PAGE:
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Children born from frozen eggs twice as likely to develop cancer, major study suggests

Sarah Knapton
Women are increasingly encouraged to freeze their eggs early - Alamy 

Children born from frozen eggs using IVF are more than twice as likely to develop cancer, a major study suggests. 

Danish researchers analysed birth records of more than one million babies born in Denmark between 1996 and 2012.

During the time 2217 were diagnosed with cancer, but the study found that those who were born through frozen eggs had a higher risk, increasing from around one in 480 to one in 240.

The researchers from the Danish Cancer Research Centre in Copenhagen, said that previous studies have shown that babies born from frozen eggs have a higher birth weight, proving that cryopreservation is having an impact on growth in the uterus. 

Excessive growth in the womb has been linked to childhood cancer in the past, and some scientists have suggested the freezing process may make epigenetic alterations to DNA, changing how the genetic code operates, and how the baby develops.  

Writing in the Journal of the American Medical Association (Jama), Dr Marie Hargreave, said: “The use of frozen embryo transfer, compared with children born to fertile women, was associated with a small but statistically significant increased risk of childhood cancer.

“It has been suggested that the use of fertility treatment increases the risk of cancer in children, possibly through epigenetic changes brought on by the use of fertility drugs, assisted reproductive therapy, or both.”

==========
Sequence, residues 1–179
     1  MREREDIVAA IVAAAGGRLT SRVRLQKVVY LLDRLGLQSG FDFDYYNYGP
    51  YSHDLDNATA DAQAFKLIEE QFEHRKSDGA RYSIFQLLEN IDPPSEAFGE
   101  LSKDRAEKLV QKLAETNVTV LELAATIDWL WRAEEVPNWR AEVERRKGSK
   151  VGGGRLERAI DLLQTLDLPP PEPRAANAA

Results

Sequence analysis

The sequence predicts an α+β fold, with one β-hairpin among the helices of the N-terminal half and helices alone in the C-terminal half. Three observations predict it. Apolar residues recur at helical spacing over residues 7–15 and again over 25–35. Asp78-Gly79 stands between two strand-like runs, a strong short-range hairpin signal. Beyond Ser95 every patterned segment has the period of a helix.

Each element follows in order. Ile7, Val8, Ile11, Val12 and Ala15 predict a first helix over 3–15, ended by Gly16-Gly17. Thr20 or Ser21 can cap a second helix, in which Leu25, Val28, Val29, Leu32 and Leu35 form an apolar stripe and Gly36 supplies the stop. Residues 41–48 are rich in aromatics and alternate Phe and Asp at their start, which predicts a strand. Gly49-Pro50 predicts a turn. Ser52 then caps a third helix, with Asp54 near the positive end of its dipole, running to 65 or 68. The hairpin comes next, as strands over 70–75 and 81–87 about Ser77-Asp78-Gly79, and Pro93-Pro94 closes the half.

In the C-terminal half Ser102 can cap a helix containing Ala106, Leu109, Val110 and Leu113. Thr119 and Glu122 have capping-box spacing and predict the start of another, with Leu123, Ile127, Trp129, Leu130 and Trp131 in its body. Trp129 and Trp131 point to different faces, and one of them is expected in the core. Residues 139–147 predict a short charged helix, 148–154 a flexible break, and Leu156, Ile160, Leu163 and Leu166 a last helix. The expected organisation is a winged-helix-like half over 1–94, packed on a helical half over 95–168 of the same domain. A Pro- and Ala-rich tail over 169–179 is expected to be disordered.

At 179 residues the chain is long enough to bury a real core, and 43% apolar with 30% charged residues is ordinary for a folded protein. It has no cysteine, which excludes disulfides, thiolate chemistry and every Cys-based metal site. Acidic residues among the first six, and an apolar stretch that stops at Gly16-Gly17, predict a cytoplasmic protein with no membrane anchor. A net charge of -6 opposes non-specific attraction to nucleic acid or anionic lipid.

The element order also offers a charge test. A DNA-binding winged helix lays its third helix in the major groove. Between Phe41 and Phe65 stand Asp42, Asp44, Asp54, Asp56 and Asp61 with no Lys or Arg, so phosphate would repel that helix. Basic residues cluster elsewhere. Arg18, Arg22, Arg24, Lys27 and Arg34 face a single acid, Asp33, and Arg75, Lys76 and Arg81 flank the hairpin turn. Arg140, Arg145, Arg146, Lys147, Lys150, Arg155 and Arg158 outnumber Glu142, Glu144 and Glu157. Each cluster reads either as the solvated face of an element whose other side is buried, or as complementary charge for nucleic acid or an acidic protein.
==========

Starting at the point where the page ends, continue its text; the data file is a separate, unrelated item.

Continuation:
Around 20,000 babies are born through IVF each year in Britain and around 6,000 are from frozen eggs. 

However women are increasingly being encouraged to consider freezing their eggs early, as it allows them to preserve their fertility for longer as younger eggs are healthier and more likely to result in successful pregnancy. 

The number of women choosing to freeze their eggs has quadrupled in the last 10 years when only 234 cycles were carried out and the birth rate is slightly higher for frozen eggs. 

Commenting on the research Prof Abha Maheshwari, Consultant in Reproductive Medicine at the University of Aberdeen, said freezing techniques had improved in recent years and urged prospective parents not to panic. 

Modern techniques such as vitrification, or ‘flash freezing’, are now used to avoid the damage caused from slow freezing techniques used in the past.

“There is no reason to panic but what it highlights is that we need more data on frozen embryo transfer and should be cautious in using it for all unless there is a clinical indication such as ovarian hyperstimulation,” said Prof Maheshwari.

“There are pros and cons with frozen transfers, and they have to be taken in consideration with individualised decisions made for each case rather than a blanket policy of freeze all for all, until more data is available.”

Dr Yacoub Khalaf, Honorary Professor at King's College London, said there could be other explanations for the findings.

“During the period of the study, embryos used for transfer used to be mainly the surplus embryos (which are usually of inferior quality) after fresh embryo transfer,” he said. 

“The repercussions of such a study could include putting patients off this option, perhaps prematurely,  as a cause and effect has not been, and may not be easily established."

Experts also said embryo freezing also ‘freezes in time’ the mother’s age at the point at which the embryos were created offering the chance for much later pregnancies.

And charities also urged patients not to be alarmed by the findings. Dr Alasdair Rankin, Director of Research and Policy at the blood cancer charity Bloodwise, added: “It’s important for parents who had this particular form of fertility treatment not to worry unduly about these findings. 

“While a doubling of relative risk sounds scary, childhood cancers are thankfully very rare, so the absolute risk is still low.”